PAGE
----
1. However, importantly due to the worsening of the affordability ratio in Brentwood and the increased costs of rental levels, conclusions identify the need for a reasonable upwards market signal adjustment. Compared to most of Essex, the borough is much less affordable, homes are more expensive, and now less affordable than the last housing boom. The degree of market signal uplift is a matter of professional judgment and evidence indicates a 30% uplift above the new 280 dwellings per annum baseline, plus a small contingency of 6% should new official projections indicate a slightly different position to that forecasted.
  1. In summary, using the minimum revised net dwelling baseline figure (280) plus combined market signal adjustment and contingency adjustment of 36%, this leaves an objectively assessed housing need of circa 380 dwellings per annum or 7,600 dwellings across the plan period (2013-33). The revised housing need from 362 per annum to 380 per annum across the plan period (20 years) equates to a total dwelling increase of 360 additional units.'. The updated SHMA is published as part of this consultation.
  1. The Department for Communities and Local Government has recently consulted on the methodology for a standardised approach to calculating local housing need in England. The Council responded to this consultation outlining concerns over the proposed methodology and datasets which would see an increase in Brentwood's housing need to 454 dwellings per annum. This would be an additional 74 dwellings per year. For the purposes of plan-making and allocations it is considered prudent at this stage to plan for housing numbers slightly above the 380 dwellings per annum figure to create some degree of flexibility and contingency should some housing sites fail to come forward as expected.
  1. 380 dwellings per annum is a challenging growth rate for the Borough. Historically, through the early part of the plan period (2013 to 2017), the borough has obtained an average housing completion rate of circa 132 dwellings per annum. This means almost tripling our annual delivery rate of new homes. The accompanying Sustainability Appraisal includes a higher growth scenario to identify potential implications, which are discussed within the site assessment section below.
  1. It is important that we rise to the challenge of delivering substantially more new homes than in recent years and that these be in sustainable locations. Not only will this support our current and future residents, housebuilding can have a strong positive impact on our local economy. Investment in housing delivers jobs[6], supports construction businesses and their supply chain; provides new affordable homes and infrastructure (such as school investment), increases tax payments to be spent on local services, and if managed effectively improves ecology, landscaping and open space provision and other facilities. With new residents comes new expenditure on local shops and services, creating a positive multiplier impact on the local economy.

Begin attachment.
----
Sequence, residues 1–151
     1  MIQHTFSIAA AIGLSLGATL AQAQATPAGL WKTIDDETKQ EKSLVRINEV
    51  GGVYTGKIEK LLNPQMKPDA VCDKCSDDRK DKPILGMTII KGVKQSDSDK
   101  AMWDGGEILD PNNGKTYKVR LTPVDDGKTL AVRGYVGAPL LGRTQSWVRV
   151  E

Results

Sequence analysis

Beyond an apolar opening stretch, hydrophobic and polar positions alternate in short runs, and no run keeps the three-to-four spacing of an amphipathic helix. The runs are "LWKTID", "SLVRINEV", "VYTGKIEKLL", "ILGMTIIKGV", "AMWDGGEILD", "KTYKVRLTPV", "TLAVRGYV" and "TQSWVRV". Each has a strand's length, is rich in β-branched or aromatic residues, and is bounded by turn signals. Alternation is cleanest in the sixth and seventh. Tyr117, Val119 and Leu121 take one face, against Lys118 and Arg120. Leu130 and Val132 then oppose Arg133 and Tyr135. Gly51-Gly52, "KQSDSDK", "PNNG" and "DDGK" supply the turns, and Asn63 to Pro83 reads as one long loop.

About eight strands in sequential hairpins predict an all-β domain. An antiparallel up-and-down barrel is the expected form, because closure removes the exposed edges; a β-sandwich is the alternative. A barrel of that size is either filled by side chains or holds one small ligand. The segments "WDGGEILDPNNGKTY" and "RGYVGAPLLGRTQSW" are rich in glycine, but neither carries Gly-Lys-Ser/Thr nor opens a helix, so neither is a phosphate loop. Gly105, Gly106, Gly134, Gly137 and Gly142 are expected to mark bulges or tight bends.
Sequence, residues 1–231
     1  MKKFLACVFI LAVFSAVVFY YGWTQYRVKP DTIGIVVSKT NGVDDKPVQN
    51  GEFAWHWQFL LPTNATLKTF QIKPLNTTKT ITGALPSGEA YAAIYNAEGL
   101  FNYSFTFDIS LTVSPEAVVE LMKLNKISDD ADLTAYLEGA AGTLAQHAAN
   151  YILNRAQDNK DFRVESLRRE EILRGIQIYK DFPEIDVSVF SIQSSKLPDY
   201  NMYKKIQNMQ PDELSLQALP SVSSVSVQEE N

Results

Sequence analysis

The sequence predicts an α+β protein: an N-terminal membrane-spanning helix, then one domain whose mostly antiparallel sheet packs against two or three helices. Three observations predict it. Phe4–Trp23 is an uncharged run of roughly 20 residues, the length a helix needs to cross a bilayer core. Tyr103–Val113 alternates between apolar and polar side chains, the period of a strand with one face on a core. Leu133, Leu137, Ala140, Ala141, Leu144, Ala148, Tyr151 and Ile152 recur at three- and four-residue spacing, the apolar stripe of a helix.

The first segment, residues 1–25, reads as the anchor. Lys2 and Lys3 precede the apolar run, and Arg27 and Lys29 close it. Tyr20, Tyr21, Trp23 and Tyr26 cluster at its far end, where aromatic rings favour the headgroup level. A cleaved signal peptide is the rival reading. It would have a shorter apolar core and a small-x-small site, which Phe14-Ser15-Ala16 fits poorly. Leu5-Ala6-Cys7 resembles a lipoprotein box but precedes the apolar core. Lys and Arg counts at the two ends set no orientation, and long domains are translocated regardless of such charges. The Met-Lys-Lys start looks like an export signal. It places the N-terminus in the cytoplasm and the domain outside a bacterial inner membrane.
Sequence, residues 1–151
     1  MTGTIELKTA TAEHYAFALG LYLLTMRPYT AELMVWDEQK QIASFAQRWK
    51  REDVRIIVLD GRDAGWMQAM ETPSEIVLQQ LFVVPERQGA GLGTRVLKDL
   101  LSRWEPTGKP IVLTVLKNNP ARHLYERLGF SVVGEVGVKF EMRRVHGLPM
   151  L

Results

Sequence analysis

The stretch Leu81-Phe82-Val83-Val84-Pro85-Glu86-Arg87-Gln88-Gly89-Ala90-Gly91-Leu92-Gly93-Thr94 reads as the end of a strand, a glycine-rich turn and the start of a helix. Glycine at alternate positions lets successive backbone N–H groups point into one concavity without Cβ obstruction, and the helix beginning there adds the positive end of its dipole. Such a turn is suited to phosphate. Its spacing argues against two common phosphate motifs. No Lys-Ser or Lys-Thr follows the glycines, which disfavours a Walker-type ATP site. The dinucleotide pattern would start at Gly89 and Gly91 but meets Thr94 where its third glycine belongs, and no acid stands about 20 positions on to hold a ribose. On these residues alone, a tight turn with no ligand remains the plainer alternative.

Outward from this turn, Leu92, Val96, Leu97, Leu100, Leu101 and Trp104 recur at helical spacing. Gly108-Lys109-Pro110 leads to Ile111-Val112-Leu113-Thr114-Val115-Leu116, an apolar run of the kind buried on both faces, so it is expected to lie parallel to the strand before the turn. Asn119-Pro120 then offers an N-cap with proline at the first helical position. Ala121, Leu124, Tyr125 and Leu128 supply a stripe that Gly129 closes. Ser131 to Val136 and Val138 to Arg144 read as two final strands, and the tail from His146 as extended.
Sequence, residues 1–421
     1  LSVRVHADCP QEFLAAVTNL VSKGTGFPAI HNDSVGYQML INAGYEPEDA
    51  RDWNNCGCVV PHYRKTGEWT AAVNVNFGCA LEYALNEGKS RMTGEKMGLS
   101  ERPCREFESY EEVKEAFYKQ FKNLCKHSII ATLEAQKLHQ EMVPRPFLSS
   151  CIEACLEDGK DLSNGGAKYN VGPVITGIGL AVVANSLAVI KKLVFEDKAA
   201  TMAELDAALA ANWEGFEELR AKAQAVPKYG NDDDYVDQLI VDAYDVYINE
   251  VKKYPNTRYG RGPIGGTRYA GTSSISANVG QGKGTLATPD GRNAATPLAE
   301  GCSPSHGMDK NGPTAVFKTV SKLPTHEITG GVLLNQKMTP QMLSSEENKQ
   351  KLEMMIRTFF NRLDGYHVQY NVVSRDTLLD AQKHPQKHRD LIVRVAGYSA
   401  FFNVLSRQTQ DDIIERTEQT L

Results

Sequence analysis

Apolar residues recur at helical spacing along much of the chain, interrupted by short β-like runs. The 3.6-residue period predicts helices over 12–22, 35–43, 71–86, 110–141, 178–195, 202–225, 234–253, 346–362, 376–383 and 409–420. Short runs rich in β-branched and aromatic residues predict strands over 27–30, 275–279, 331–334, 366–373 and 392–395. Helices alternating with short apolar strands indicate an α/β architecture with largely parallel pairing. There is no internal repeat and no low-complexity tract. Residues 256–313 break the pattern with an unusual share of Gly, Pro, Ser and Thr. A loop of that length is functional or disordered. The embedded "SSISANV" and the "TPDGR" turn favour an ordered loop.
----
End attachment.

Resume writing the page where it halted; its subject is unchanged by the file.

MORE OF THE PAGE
(17) Specialist Accommodation Needs

  1. Objectively assessed housing need for the Borough does not take into consideration specialist accommodation need linked to residential care homes or nursing homes (classified as C2 – 'residential institutions' under the Use Classes Order), and Gypsy & Traveller pitches and accommodation provision. The published SHMA Part 2 identifies a forecast requirement for 424 spaces within Registered Care to be provided between 2013-2033 (21.2 spaces per annum). This is housing for people living in registered care homes which are managed and run by a care provider who is responsible for all aspects of their daily needs and wellbeing. Such housing is not self-contained and is often referred to as either residential or nursing care. The Borough has a slightly higher proportion of over 65s compared to the county average and this is forecasted to increase from 2015 to 2025 by about 17%.[7]